In June of 2009 the government of the State of New York came to a shuddering halt. (1) Two candidates for Temporary President of the Senate, the office that represents party control, commanded equal votes for the position. (2) The tie-breaking vote would ordinarily have been cast by the lieutenant-governor, but due to the resignation of Eliot Spitzer and elevation of David Paterson, that position was vacant. (3) The uncertainty as to who held the position paralyzed Senate operations and left open a very real question as to who would succeed to the governorship should something happen to then-Governor Paterson. (4) The delay caused by the impasse cost state and local governments $2.9 billion. (5) The deadlock prompted Paterson to appoint Richard Ravitch to lieutenant-governor, marking the first time in New York history that any governor had attempted to fill that post despite numerous historical vacancies. (6) Litigation as to the propriety of the appointment immediately ensued, eventually resulting in the New York Court of Appeals upholding the legitimacy of the appointment. (7) Had the situation not resolved itself politically on the day of the appointment, (8) the deadlock could have continued for more than an additional two months during the pendency of the appeal. (9)
Although the crisis was in no small measure a result of the fact that "New York's [legislature] was, by far, the most dysfunctional legislature in the nation," (10) the impasse could have been solved in a day had there been an effective constitutional mechanism for succession to the office of lieutenant-governor in the case of a vacancy. The absence of such a mechanism led to unprecedented gubernatorial action and the New York Court of Appeals's authorization, by a slim majority and in a decision that has been heavily criticized, (11) of Ravitch's appointment via a statutory catchall provision typically used only for minor officials. (12) That decision also left in place many of the structural problems that allowed the crisis to come to a head in the first place, such as when a replacement lieutenant-governor must be appointed.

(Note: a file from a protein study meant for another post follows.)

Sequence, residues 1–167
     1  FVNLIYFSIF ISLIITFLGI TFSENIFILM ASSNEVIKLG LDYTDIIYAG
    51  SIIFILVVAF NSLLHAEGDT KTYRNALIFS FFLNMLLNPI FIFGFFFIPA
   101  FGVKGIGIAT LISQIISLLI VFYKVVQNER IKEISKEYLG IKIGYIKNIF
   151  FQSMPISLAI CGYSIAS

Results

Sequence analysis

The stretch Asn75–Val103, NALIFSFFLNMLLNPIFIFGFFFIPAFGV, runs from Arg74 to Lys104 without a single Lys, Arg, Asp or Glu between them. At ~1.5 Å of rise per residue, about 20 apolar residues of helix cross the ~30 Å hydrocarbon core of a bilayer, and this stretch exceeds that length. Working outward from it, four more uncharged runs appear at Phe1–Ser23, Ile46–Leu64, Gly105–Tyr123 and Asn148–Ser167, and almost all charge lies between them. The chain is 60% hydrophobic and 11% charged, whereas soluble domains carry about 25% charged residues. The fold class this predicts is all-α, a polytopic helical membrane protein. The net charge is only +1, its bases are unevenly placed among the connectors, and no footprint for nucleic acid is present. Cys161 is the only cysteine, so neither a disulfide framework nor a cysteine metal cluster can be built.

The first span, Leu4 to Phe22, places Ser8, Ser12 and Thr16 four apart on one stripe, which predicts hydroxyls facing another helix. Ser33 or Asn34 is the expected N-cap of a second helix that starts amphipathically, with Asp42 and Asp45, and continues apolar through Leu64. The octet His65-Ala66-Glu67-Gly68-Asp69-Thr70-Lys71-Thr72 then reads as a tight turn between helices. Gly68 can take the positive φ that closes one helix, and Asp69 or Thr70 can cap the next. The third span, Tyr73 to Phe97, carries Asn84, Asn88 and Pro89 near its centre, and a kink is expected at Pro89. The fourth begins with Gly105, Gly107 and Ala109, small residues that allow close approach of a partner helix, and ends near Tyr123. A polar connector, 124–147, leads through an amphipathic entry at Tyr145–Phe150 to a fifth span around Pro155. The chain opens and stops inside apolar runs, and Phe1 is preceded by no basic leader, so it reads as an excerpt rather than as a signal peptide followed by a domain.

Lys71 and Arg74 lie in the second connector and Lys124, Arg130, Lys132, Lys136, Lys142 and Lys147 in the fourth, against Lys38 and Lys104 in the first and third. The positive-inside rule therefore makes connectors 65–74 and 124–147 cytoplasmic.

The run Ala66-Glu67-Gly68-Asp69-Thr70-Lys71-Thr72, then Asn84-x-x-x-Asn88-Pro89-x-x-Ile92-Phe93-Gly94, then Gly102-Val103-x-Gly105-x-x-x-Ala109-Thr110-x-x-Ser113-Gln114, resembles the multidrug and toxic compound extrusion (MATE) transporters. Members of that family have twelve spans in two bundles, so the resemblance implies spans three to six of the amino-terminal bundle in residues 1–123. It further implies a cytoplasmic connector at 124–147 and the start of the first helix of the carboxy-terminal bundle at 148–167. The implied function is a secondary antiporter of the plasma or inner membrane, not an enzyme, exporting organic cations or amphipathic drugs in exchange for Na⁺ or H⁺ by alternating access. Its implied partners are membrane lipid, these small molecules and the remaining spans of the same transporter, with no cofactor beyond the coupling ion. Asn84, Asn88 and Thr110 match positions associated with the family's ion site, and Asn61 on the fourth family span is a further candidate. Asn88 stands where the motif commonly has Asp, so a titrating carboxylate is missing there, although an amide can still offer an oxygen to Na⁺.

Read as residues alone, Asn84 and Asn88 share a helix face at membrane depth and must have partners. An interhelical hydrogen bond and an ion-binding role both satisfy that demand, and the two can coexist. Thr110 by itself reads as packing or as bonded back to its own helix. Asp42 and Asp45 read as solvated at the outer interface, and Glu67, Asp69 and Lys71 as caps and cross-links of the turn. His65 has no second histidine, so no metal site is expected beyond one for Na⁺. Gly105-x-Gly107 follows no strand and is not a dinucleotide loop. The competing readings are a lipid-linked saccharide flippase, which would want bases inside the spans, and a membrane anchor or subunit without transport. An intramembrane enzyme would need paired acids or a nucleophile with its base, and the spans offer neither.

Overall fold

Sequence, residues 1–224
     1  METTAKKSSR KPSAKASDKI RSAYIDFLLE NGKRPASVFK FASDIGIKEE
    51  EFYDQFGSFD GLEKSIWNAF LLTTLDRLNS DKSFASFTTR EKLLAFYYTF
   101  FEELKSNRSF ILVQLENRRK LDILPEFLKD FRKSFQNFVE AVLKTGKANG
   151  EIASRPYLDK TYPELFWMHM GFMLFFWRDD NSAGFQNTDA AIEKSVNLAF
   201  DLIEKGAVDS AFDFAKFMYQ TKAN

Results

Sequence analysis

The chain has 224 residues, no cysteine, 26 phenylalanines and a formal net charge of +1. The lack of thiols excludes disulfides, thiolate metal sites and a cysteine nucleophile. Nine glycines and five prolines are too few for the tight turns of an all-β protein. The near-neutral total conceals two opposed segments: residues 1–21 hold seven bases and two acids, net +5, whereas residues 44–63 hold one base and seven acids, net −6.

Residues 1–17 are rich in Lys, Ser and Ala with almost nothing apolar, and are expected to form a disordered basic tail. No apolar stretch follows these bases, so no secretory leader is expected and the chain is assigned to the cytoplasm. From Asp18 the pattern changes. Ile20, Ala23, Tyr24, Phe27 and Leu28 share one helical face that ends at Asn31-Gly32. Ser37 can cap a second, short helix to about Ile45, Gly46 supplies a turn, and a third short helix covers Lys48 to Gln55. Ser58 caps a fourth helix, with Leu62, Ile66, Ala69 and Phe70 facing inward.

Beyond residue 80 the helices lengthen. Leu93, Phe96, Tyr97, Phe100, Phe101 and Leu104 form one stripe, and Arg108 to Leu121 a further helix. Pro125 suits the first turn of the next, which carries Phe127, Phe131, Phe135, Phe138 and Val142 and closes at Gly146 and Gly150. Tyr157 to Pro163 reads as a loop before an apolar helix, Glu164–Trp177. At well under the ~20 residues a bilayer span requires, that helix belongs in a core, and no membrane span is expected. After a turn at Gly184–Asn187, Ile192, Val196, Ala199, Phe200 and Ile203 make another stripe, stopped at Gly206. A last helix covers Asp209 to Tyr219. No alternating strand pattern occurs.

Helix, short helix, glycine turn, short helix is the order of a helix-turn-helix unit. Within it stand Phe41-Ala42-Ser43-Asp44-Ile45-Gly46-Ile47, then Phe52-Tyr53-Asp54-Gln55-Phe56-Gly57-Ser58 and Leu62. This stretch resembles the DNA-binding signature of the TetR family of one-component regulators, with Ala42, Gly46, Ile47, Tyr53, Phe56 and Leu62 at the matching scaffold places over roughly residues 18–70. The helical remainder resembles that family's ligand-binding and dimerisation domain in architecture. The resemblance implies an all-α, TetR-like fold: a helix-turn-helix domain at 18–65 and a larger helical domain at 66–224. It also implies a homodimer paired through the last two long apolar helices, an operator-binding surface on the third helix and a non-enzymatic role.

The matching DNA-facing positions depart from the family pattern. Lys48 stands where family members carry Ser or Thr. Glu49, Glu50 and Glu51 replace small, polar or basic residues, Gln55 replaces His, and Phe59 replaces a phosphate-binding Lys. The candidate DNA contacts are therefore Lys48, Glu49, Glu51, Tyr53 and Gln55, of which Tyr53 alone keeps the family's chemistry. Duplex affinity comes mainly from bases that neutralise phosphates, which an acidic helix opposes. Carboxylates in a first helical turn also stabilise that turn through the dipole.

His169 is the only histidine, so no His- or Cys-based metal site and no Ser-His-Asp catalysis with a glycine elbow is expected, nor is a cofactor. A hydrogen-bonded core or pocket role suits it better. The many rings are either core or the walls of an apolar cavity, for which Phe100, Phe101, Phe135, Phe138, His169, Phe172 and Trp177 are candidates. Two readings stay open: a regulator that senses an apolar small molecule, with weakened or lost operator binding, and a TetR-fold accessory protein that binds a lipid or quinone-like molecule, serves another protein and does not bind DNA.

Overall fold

This article is an attempt to find a solution to the problem of lieutenant gubernatorial succession in New York. Part II will discuss the problems created by allowing appointment pursuant to Public Officers Law section 43 and the structural issues that remain unresolved even with the present judicially approved method of appointment. Part III will consider several alternative methods of gubernatorial succession and to filling a vacancy in the office of lieutenant-governor. It will discuss whether any of those approaches would suffice to meet the policy goals of the lieutenant-governor's office in New York's constitutional structure. Part IV will offer a potential solution, which avoids the risk of legislative gridlock and preserves some electoral input into which candidates may be chosen to succeed to the office of lieutenant-governor.
II. THE UNACCEPTABLE SKELOS SOLUTION
The Court of Appeals's decision in Skelos v. Paterson removes any electoral check from those selected to fill the position of lieutenant-governor and leaves several structural problems unresolved. Chief Judge Lippman's opinion recognized that the Skelos solution is not necessarily the best solution to the issue of succession, and held only that the present constitutional and statutory scheme permits the governor to appoint a lieutenant-governor in case of a vacancy. (13) Three major flaws with the present structure are discussed below.
A. Appointment Without Limitations Violates the Elective Principle
The present structure permits the possibility that an entirely unelected person could succeed to the office of governor without ever facing any elective check or second-hand elective scrutiny. Appointment through the mechanism of Public Officers Law section 43 does not permit any check, either by ratification or special election, on the authority of the governor to choose whomever he or she likes for the position. …